And also, I think there’s the other end of the spectrum, the other example is just simply saving commute time. I mean, we’ve all been at the wrong end of a commute, imagine coming off of a shift, and your tablet’s full of all the forms that you’ve filled in, the citations you’ve written out, simply the reports that you’ve had to write, and now you’re facing a one-and-a-half-hour, two-hour commute through rush-hour traffic, back to the station, back to base to download all these forms. Well, that’s a major pain, and you can increase the productivity of an agency very simply just by allowing those forms to be downloaded through the Vehicle Area Network. The commute is no longer an issue. And I think that’s one of the benefits. It’s providing benefits at all ends of that kind of spectrum of example.

Evan Forester: Right. So it’s not just helpful during the rare, massive events, but even just day-to-day business can help your people become more efficient.

Dave Slaten: Yeah absolutely. I think those operational costs, if you take a really good look at how much time you can save, even if you save, you know, Geoff’s said, a one- or a two-hour commute, but we all don’t necessarily live in Chicago or Los Angeles or Auckland or somewhere like that. But even 15 minutes a day of an officer being on point, on task, instead of dinking around with the administrative aspects of downloading this technology, that adds up really fast, and becomes extremely valuable in the context of how much the company can do, or whoever the front-line industry is, to serve the customers’ needs that they have. Protect the public, keep the utilities running correctly, it’s an incredibly valuable piece of the equation.

Geoff Peck: I think another aspect of looking at the value is that a Vehicle Area Network, I see it as a platform. In other words, it’s a platform onto which we can create future value. Or, to use the non-MBA-speak way of saying it, you could say we’re future-proofing the situation. In other words, we’re providing a platform of communications that allows an agency, it allows a group of users to develop as their technology needs change and morph over time, then the platform allows those things to happen independently of the way the communications technology evolves.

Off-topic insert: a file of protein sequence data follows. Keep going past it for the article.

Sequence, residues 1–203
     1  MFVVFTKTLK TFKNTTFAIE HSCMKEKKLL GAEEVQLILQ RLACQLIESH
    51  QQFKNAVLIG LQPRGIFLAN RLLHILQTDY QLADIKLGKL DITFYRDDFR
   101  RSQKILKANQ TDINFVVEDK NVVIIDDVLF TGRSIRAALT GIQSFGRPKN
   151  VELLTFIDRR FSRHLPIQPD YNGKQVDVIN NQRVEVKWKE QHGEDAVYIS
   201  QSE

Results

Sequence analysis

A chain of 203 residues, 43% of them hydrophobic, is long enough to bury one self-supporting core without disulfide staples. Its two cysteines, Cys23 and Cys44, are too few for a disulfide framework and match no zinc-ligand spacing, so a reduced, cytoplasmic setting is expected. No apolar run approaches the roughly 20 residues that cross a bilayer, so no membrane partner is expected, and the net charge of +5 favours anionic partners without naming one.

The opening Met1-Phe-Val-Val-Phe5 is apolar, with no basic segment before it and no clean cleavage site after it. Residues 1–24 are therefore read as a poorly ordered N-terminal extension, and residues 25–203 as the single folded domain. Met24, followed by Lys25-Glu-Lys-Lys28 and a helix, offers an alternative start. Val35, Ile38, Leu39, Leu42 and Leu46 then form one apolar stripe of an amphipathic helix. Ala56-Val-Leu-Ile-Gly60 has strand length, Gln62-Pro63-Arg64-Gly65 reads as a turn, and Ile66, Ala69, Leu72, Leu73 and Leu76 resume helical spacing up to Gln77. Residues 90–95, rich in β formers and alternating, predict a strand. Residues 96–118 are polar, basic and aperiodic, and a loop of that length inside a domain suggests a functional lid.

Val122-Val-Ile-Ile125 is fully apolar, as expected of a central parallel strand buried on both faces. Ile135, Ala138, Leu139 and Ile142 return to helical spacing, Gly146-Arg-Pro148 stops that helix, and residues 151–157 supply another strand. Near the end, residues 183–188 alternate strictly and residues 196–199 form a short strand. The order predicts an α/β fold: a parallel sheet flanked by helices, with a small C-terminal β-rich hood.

And so, you’re basically allowing a much simpler evolutionary path for people. You’re simplifying that process and, for all the reasons that we’ve explained, you’re saving time, and saving time saves money. So I think this platform approaches a valuable, extra addition. It’s not simply saving money directly as of today, but it’s actually putting money in your pocket in the future because it’s allowing you to make decisions that don’t have to be influenced by the connectivity.

Dave Slaten: Yeah I don’t know that we really, really hit that part of the heavy lifting that a Vehicle Area Network can contribute, which is… We talked about the mini-bearers going back to the office or the number of ways the user can connect, but I think the platform that Geoff is referring to, if I was to put it into more succinct terms, is actually the processing power that exists inside of the box that allows us to do the routing, that allows us to create an environment where third-parties can develop their own operational software that does what they need it to do.

So they’re not necessarily reliant on Tait to have dreamed up what it is that they’re going to want to accomplish in the future. We’ve given them, more or less, a sandbox that they’re in full control of, that they can say, “Oh wow. Next month we need to be able to accomplish this, so let’s get some guys in, write some code and boom! It does it for us.”

Evan Forester: Okay. Well very, very cool guys. Thank you so much for joining us today and sharing more about Vehicle Area Networks. If you listeners want to learn more about Vehicle Area Networks, there’s a great article in Connection Magazine you should check out at taitconnection.com, and if you enjoyed this podcast I’d encourage you to subscribe to our blog (sign-up box can be found in the sidebar to the right) as we’re planning on releasing a few more over the next year. So thanks so much for listening. Dave, Geoff, thank you for joining us. Have a good day.

Tait Communications

 | Posts

Our clients protect communities, power cities, move citizens, harness resources and save lives all over the world. We work with them to create and support the critical communication solutions they depend on to do their jobs.

Leave a Reply